Cuba, the country of cigars, music, and rum, is a spectacular land of both tradition and change. It’s got its name from the Aboriginal word ‘coabana’ meaning ‘great place’. And this colorful, iconic Republic is indeed a great place. Visit Cuba, a country geographically just south of Florida (USA), but a major part of culturally prominent Latin-American group of islands. Discover a special and diverse traveler’s haven where music, sport, and gastronomy are at home.
Start your journey in the vibrant capital city, Havana. The place is changing fast, so take this once-in-a-lifetime opportunity to experience a city halted in time in certain respects, but speedily racing into the future in others. Classic American cars are inching through potholed streets, while music and flavor ooze out from bright-colored houses with the continuous rhythm of construction work in the background. Use the day of your arrival to gently let the city open up to you. Have a meal on one of the terraces serving local food, then walk along the malecón. The main sights can wait for the second day when you are more rested and ready to take in the history of the place.
Visit El Capitolio (the Capitol), the Havana Cathedral, the Castillo de Real Fuerza (the Castle of the Royal Force) and Granma Yacht. Do not plan too much for one day, instead, stop anytime you see a beautiful plaza (square), get a snack from the many street vendors offering their delicious merchandise and simply take the place in. Make sure to visit one of the tobacco factories, as Cuba is world-famous for its quality cigars. Note that some may require tickets bought in advance at certain hotels instead of selling them at the entrance.
At the end of the day, or even better if on the third day of your stay in Havana, go to a close by beach. Hop in a taxi and relax on Playa del Este, for example. Enjoy the sugar-white beach and let your muscles relax in preparation for the next part of your journey.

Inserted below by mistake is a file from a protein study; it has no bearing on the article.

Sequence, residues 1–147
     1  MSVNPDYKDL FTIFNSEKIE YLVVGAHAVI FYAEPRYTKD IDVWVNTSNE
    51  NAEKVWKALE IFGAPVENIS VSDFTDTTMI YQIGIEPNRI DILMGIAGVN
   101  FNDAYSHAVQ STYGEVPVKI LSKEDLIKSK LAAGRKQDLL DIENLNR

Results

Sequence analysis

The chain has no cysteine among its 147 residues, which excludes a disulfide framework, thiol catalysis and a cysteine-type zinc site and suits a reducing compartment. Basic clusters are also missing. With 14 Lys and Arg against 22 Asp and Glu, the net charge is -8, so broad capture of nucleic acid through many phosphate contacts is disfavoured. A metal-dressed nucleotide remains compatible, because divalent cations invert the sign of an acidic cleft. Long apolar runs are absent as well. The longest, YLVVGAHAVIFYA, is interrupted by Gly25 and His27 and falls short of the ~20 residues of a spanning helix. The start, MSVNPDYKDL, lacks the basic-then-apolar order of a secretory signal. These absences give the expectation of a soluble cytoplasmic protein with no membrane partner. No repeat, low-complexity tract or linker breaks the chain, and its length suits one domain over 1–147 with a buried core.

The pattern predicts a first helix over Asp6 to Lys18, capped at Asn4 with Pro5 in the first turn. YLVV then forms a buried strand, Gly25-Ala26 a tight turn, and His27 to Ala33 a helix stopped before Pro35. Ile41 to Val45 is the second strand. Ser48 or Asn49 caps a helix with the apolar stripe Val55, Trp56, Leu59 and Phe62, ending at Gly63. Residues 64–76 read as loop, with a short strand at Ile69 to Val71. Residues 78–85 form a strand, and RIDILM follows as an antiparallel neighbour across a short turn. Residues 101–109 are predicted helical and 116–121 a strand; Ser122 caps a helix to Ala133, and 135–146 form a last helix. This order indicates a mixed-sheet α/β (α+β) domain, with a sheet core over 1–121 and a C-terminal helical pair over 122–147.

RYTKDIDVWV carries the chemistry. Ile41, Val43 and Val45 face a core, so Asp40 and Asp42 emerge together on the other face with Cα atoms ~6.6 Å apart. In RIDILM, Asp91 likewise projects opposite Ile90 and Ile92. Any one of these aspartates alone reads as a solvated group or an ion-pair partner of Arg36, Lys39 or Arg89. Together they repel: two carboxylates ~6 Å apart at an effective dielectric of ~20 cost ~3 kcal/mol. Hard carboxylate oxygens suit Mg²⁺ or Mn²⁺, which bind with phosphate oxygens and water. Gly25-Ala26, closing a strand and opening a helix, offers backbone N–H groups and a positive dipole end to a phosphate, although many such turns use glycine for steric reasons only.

Things to see and do in Cuba
Cienfuegos is a lovely coastal town 250 km (160 miles) from the capital city. Plan one or two days there. Chill out from the many sights you have seen so far and simply walk around the picturesque town square. Rest in a bar (I recommend Punta Gorda) for a drink and enjoy any music or dance performance that might be going on. Then stroll to the Sculpture Garden to admire the local artwork. Rest with the sight of the coming and departing boats in the lagoon.
Also called the cultural capital of Cuba, this historical place is the home of many museums. Whether it is Cuartel Moncada (Moncada Barracks), Museo de Ambiente Histórico Cubano, Museo de Lucha Clandestina, or Museo Municipal Emilio Bacardí Moreau, you cannot go wrong. All of these places preserve and are ready to show you a few pages of Cuban history. Choose based on your major spheres of interest and immerse yourself in the past.
Following this, air your thoughts in the psychedelic-colored Jardín de Los Helenchos or the Cemetery Santa Ifigenia, the final resting place of Fidel Castro.
And Castillo de San Pedro de la Roca del Morro (San Pedro Fort) is a must with its cannon firing ceremony when actors dress up in Mambises regalia to entertain you.
This tropical paradise is the ideal location to indulge yourself with the sight and experience of pristine white sands and calm, turquoise water.
Leaving history and the colonial architecture of the previous cities behind, enjoy a new wave of art galleries and handicraft markets. Sit in one of the many cabarets, bars, and cafés or pop in a cigar and rum shop for souvenirs.
If you are searching for nightlife, Varadero will be the favorite stop of your journey, but make sure you have first tried a couple of water sports before spending your energies on dancing the night away.
Whichever city you visit, go to a tobacco factory. Experience the production of world-class cigars, and although I myself am not a smoker, a few puffs are a must during one’s stay in Cuba.
Take in the music